“Every solution to every problem is simple. It’s the distance between the two where the mystery lies.”—Derek Landy
Much ink has been used to describe the Republican primary in Mississippi between state Senator Chris McDaniel and current long-time U.S. Senator Thad Cochran. It easily embodies all the characteristics of what has been described as a battle between conservatives and establishment politicians for “the soul of the Republican Party”. After all that happened, that phrase no longer seems like lofty rhetoric.
There are two polar positions, one that the party establishment must be protected at all costs, the other that it is past time for them to go. These two opposites coalesce around two basic arguments; the establishment position talks of responsible government, while the opposition talks of remaining true to principle.
Meanwhile, many long time Republicans who would like to see a return to the conservative vision of the party, but who long for party unity are caught in the middle. The simple truth is that the TEA Party contingent that so many have loved to hate is no longer a small faction. They have systematically taken their message of smaller government and fiscal responsibility to the grassroots voters of Mississippi and have been successful at doing so. The Republican Party has done little to counter or adopt that growth, hoping that the movement would stall. The state Republican Party has lost the active support of many of its own county committees as a result.
This is a mess. But, it’s a mess that belongs at the feet of the Republican political establishment.
The Republican Party has to take responsibility for it’s go-along get-along mentality over the past several years, and realize that they had at their fingertips an incredible opportunity but lacked the foresight to grab hold of it. For all the talk of community and grassroots conservatism that party officials and politicians like to discuss, they worried too much over the loss of their own power when that grassroots movement began rising up. They decided instead to fight for power over principle, ignoring much of the longtime Republican Party platform in the process. The battle we now see unfolding in front of us is the result.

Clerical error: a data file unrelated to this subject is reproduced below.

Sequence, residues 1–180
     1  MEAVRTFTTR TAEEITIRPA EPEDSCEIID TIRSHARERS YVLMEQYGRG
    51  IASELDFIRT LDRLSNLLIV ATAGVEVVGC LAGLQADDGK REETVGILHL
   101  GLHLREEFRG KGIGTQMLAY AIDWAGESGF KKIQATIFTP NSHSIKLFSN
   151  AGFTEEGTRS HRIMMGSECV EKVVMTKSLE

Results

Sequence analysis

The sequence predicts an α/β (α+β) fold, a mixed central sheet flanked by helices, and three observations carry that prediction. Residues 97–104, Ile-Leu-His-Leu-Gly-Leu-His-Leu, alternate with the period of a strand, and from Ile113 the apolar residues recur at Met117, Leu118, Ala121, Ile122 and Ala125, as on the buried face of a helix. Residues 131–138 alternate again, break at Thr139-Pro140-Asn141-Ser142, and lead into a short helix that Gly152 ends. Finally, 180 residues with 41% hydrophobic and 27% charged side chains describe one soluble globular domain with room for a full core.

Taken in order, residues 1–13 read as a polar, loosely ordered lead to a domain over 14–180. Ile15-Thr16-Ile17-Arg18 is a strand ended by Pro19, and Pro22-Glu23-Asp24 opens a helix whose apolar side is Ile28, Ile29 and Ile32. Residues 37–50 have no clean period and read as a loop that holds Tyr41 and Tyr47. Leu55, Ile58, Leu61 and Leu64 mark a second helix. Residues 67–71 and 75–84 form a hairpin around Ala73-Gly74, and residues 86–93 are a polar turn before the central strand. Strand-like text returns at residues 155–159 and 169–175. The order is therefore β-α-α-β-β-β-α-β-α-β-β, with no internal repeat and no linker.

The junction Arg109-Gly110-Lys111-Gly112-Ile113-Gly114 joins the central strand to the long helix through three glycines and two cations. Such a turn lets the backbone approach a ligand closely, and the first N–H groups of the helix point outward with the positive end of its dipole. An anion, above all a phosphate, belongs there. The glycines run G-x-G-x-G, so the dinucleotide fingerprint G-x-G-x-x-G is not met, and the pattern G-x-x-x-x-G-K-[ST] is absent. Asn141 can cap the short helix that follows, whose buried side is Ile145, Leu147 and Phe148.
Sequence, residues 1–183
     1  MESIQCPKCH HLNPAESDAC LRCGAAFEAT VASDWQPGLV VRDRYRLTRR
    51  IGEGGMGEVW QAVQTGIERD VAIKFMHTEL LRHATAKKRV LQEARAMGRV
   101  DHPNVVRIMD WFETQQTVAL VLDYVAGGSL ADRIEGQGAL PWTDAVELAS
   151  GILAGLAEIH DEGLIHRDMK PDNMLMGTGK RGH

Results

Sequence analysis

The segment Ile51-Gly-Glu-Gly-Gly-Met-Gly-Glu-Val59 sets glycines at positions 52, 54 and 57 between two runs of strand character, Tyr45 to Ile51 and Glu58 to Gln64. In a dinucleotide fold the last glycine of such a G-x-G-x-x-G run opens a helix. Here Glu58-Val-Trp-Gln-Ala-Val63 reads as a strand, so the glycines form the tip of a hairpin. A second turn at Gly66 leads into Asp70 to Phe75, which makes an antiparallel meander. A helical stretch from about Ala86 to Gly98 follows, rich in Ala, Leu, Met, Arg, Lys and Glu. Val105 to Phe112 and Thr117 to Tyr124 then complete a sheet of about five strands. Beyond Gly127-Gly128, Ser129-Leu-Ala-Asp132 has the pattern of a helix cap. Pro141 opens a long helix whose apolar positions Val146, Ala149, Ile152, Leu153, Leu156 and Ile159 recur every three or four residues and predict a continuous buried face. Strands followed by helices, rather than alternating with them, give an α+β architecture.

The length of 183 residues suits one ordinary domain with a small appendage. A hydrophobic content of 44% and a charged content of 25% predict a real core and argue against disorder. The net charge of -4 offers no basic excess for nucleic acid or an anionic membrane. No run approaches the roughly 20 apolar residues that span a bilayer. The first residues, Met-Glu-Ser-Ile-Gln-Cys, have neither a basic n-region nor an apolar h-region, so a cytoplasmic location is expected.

This is about more than one election, or one man. This will not just go away, and the division only worsens with each insult.
Who Has The Character To Communicate The Vision?
The question now is who else will step forward and grasp the policy positions that resonate with the people, to take this upheaval within our ranks and make sense of it all, to communicate a vision for the future of the state, country, the Republican Party and for conservatism. A generation has passed since we seemed willing to educate through engagement of principle in actual policy positions. Republicans no longer know why they are Republicans (You can count the recent departure of MFCR Chairman Evan Alvarez to the Democrat Party as a casualty). This has occurred because there has been a lack of leadership. Who will those new leaders be?
Abraham Lincoln said, “Character is like a tree and reputation its shadow. The shadow is what we think it is, but the tree is the real thing.”
Two thousand-plus years earlier Aesop said, “Beware lest you lose the substance by grasping at the shadow.”
People are sick of personality politics. They are sick of propped up reputations. They are starving for something real.
The people of this country are conservative. They still support the virtues of a free society held together by a moral application of natural law. But, these are also the majority of people who no longer participate in their communities or the political process. Such is the inheritance of liberalism, personality politics and the push for government as nanny.